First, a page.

This is a stretch that you can use to target several different muscles. I like to hold a couple of dumbbells at my side and allow the weight to pull my shoulders down gently. Do it seated so that the seatback provides a reference for your spine, which you should keep neutral. Retract your shoulder blades and, if necessary, reset your spine. Allow the dumbbells to pull your shoulder blades down. I like to externally rotate my shoulders by moving my palms to face forward a little.

At this point, you can move your head.

  • Tilt it to one side to stretch the scalenes.
  • Look down at the opposite shoulder to stretch the upper trapezius.
  • Look up and around to the corner of the room to stretch the SCM.

Trainer performing neck stretches

Repeat on the opposite side. By the time you get through the different positions, you may find your grip is challenged. But what you should also notice is that you get a good stretch down the chain from the neck into the forearm. So you’re killing two birds with one stone.


10. Take a break from heavy lifting

Going heavy is great to do from time to time. It’ll give you excellent strength and build some bulk too. But it’s tough on your tendons. If you’re deadlifting and doing heavy pulls without straps, then you can batter your forearms. They can become tight and knotty and prone to niggles.

If you need a strong grip for your sport, then make sure you give your forearms plenty of TLC, and give them a break from time to time by having some back-off weeks. If you’re not that fussed about your grip, then use lifting straps. You can train your forearms for size in other ways with, for example, reverse curls, hammers and wrist curls.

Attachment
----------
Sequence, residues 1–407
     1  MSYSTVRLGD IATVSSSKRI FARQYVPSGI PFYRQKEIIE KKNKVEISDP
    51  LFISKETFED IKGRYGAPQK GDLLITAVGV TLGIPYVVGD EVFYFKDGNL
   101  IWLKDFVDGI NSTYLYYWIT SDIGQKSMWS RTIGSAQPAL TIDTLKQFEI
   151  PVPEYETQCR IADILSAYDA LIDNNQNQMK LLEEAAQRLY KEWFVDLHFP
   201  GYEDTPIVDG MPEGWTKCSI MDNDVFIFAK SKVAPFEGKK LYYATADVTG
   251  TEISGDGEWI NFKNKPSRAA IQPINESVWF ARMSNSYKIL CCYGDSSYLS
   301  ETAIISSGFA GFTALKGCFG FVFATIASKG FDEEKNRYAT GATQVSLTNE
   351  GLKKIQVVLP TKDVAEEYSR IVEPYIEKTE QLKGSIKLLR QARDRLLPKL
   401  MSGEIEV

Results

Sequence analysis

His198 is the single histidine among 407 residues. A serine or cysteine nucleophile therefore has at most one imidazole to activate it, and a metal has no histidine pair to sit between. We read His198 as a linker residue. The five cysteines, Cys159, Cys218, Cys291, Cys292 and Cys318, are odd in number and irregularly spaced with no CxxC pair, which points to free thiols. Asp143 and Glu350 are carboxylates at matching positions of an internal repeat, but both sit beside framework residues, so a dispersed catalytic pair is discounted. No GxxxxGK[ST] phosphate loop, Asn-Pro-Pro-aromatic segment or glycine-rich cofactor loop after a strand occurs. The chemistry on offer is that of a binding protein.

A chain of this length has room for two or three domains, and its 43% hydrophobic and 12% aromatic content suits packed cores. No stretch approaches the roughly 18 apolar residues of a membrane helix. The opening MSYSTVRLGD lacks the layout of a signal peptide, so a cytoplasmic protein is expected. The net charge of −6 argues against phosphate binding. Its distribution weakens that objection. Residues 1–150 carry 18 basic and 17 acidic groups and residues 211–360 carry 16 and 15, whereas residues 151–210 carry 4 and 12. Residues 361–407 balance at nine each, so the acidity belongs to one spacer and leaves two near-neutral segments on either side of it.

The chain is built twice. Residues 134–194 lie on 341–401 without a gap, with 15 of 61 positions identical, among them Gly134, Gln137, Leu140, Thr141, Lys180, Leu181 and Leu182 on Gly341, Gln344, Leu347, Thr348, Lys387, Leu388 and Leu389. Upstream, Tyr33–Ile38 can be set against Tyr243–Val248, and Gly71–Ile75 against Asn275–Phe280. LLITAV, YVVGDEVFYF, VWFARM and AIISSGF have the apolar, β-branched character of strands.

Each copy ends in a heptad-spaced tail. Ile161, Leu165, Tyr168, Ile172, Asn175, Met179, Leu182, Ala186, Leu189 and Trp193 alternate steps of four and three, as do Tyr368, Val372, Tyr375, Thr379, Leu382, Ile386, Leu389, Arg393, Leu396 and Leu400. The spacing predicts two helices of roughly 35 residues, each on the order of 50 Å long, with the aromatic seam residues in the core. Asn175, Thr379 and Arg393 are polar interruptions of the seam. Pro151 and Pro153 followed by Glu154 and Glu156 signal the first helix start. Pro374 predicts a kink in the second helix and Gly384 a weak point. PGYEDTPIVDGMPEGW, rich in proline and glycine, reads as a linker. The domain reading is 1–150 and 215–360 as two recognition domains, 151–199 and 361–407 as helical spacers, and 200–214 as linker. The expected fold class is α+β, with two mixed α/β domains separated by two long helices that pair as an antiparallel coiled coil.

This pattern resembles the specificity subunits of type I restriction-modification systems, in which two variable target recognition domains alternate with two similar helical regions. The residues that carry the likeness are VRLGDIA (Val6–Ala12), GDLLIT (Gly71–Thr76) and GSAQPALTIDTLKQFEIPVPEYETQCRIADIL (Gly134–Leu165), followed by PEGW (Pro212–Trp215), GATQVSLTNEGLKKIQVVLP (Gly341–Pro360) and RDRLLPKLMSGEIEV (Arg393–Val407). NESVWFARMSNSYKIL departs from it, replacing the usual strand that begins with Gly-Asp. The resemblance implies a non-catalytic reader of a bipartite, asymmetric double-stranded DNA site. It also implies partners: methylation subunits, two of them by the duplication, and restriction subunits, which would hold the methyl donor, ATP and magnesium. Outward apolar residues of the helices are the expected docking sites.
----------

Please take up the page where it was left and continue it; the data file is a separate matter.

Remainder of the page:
Even if we’re not talking about forearms, the joints, tendons and other connective tissues all over your body need a break from heavy lifting from time to time. The blood supply to connective tissues is not as good as it is to your muscles, so they don’t recover and mend as quickly. They need a break to catch up. Periodise your training so you have lighter phases, and regularly change the exercises you choose.


In conclusion

Niggles don’t have to be an accepted consequence of training or getting older. You can largely prevent them by regularly performing preventative drills.

To be clear though, everybody is different. Maintaining or correcting movement will be different for everybody and, in reality, everyone’s corrective or ‘pre-hab’ routine should be individualised.  But if you don’t want to seek professional coaching or therapist help for something that is not yet a problem, then the above collection of preventative drills will likely serve you well.

Safeguard your lifting career by preventing niggles. Stay strong for life.